Masters of Horror is a 2005 anthology horror series that ran for two seasons on Showtime. Famous and emerging horror directors were invited to create hour long horror films with seemingly no restrictions. Season two saw quite a few directors return with very different films from their first time working on the show.
Celia and David move into an idyllic suburban neighborhood. Harold (George Wendt) is nice enough to the new neighbors. He just happens to be a serial killer whose entire family is comprised of the skeletons of his victims. He genuinely believes they are alive, changing their clothes, moving them throughout the house, and having conversations with them. The neighbors aren’t quite sure of what to make of him, but they’re willing to be friends.
Family is a brutally dark comedy. It’s more of what you would expect from a John Landis film. Everyone gets laughed at. No joke is too much of a reach and, thankfully, there’s no punching down this time around.
Everything about Family is an improvement over Deer Woman. For one thing, it’s not filled with racist content. For another, it has a much more consistent tone and style. The story makes sense and all the scenes feel like they belong in the same universe. Landis hides connections to his other works in the set dressing and the occasional throwaway line, but it’s not a distraction from the narrative this time.
The main problem with Family is that the episode spins its wheels until the final few moments. There are no heightened stakes or changes to the status quo. Harold keeps on killing people to replace his family members, and the neighbors fight each other while they adjust to the neighborhood. The final twist is strong, but it’s wasted in the structure of the episode. The episode ends on the reveal when that reveal is a much more compelling story than everything that came before it.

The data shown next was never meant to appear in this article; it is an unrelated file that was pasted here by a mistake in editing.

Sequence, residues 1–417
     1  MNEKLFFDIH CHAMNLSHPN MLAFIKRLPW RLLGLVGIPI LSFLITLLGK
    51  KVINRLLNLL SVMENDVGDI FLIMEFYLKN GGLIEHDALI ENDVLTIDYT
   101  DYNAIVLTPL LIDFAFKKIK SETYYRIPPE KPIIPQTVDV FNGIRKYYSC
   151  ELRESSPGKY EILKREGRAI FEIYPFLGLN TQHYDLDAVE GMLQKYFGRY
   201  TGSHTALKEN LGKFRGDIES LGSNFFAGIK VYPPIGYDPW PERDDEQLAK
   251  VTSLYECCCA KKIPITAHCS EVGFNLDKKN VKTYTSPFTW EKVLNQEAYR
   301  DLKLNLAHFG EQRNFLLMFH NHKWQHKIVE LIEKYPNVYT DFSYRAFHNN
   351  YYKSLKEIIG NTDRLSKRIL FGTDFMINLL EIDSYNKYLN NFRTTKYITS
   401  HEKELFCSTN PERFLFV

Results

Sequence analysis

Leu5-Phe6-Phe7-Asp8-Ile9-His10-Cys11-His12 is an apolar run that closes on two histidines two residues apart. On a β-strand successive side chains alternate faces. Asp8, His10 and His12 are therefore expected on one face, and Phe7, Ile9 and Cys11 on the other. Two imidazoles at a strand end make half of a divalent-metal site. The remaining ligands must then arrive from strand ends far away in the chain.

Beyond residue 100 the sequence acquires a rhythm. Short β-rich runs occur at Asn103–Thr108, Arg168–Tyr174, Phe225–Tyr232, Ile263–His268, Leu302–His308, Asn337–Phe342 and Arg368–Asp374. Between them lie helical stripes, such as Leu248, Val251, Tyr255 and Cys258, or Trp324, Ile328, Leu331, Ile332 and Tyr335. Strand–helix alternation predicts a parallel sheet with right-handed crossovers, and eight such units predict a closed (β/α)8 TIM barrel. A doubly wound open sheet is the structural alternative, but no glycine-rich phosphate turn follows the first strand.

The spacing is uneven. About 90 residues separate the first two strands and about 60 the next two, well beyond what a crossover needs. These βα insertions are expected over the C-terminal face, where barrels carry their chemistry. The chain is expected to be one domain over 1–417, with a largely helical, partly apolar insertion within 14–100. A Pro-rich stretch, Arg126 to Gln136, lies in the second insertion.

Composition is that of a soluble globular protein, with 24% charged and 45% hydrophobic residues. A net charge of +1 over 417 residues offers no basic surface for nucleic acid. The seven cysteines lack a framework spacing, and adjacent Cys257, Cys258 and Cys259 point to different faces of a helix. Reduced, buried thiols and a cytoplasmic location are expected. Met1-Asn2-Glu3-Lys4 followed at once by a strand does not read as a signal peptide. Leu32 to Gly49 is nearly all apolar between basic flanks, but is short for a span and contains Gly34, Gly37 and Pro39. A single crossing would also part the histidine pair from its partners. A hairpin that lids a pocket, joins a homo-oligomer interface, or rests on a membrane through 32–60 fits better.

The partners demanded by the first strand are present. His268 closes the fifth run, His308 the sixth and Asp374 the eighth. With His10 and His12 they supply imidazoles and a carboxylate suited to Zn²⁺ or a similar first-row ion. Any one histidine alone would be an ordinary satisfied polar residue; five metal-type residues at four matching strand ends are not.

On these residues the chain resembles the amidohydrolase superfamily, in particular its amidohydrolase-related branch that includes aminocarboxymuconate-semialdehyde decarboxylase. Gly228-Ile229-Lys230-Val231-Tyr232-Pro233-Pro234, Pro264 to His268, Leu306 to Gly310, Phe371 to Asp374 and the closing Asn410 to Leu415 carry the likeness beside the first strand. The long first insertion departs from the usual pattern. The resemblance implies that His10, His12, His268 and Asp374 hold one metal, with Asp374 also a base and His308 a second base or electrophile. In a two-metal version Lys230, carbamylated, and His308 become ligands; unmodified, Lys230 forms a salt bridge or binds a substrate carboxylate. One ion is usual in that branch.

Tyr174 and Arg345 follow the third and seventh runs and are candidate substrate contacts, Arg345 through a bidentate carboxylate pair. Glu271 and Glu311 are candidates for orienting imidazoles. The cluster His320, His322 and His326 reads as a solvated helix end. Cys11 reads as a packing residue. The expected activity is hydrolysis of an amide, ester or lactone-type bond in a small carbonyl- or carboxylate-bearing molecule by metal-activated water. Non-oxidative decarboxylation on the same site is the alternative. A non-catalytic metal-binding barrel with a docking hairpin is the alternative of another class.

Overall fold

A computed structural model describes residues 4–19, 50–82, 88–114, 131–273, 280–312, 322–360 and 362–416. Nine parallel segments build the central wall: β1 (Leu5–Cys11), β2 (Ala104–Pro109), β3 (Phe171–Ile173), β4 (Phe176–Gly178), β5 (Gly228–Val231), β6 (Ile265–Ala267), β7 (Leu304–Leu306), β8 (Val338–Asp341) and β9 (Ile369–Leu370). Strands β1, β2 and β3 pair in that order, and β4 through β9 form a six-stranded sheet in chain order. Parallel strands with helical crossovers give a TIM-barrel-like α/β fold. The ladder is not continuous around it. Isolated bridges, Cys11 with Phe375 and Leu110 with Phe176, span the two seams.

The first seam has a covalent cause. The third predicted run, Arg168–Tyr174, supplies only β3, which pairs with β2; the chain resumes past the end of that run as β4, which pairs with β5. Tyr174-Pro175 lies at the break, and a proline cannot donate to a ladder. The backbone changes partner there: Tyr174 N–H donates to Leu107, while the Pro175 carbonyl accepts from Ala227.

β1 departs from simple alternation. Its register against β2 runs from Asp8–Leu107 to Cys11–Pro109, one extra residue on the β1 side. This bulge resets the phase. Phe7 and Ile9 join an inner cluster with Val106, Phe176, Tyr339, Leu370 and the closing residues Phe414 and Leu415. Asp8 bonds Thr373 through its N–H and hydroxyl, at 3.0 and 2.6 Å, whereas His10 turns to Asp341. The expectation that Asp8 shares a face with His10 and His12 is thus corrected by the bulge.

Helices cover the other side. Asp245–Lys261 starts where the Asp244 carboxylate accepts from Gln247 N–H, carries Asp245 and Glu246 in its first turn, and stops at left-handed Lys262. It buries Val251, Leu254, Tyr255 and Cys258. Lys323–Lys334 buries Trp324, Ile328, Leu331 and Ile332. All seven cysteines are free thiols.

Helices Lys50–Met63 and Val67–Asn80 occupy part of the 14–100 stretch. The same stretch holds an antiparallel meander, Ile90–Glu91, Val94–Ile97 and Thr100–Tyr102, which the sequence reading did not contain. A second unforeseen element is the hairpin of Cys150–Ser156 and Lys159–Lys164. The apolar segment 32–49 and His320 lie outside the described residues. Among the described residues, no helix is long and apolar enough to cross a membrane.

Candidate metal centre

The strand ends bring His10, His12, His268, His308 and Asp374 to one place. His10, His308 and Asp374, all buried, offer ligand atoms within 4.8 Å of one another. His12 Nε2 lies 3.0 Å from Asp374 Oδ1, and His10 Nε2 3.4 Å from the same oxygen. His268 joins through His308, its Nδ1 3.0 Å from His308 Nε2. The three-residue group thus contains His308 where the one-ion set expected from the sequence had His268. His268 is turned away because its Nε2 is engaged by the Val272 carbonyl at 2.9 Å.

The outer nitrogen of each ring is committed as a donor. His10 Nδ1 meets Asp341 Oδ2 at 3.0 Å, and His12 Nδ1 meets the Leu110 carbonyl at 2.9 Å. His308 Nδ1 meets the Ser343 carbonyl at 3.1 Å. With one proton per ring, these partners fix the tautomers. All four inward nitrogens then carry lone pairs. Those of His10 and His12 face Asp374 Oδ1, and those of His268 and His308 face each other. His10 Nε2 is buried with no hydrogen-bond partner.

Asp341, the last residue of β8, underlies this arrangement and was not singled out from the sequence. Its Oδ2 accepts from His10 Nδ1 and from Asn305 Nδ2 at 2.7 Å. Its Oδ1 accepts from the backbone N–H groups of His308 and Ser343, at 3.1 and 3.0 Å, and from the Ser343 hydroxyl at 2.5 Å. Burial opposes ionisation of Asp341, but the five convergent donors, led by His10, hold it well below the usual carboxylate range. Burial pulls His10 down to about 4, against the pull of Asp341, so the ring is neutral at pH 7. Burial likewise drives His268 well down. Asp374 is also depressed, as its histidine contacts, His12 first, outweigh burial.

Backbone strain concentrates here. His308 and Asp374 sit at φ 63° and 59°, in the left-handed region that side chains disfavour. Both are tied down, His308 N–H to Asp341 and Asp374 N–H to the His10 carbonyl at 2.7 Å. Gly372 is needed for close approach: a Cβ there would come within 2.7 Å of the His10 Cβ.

There’s a simple structural fix that could have made a big difference to the story. Revealing that Harold is a serial killer in the first scene is a mistake. He goes from unreliable narrator to unlikable and untrustworthy in less than 60 seconds. Having him just be a paranoid neighbor lurking in the shadows for a while would allow him to be a more likable protagonist when the new neighbors start acting weird. If Harold was revealed to be a serial killer in the second act, followed by the big twist leading into the third act instead of ending the episode would be a much more dynamic structure. Instead, we get 50 minutes of weird conversations and montages set to Golden Oldies or Contemporary Christian music that do nothing to advance the story.
Family features a bizarre sexual undercurrent played for laughs. Celia begins to proposition Harold over coffee with explicit comments about her true desires. She denies it every time Harold asks her to repeat herself, but then pushes it further. David just sits there and pretends like nothing is happening. It’s a recurring gag set up just because Masters of Horror allows anything to happen (in theory) and it’s just not funny enough with the way the story is actually laid out. It’s another detail that would work better if we didn’t know from the start that Harold is just an awful person with a tenuous grip on reality.
Family is not a bad horror film. It’s just kind of boring. There have been so many better horror comedies from the perspective of the bad guys even before this episode came out that there are no surprises. It’s not enough to laugh with and at a serial killer as the substance of your story. There has to be a draw beyond laughing at murder and mayhem.
content warning: gore, foul language, violence against women, violence against children (implied: you see the skeleton but not the murder), sexual language
Up next: S2E03, “The V Word” from director Ernest Dickerson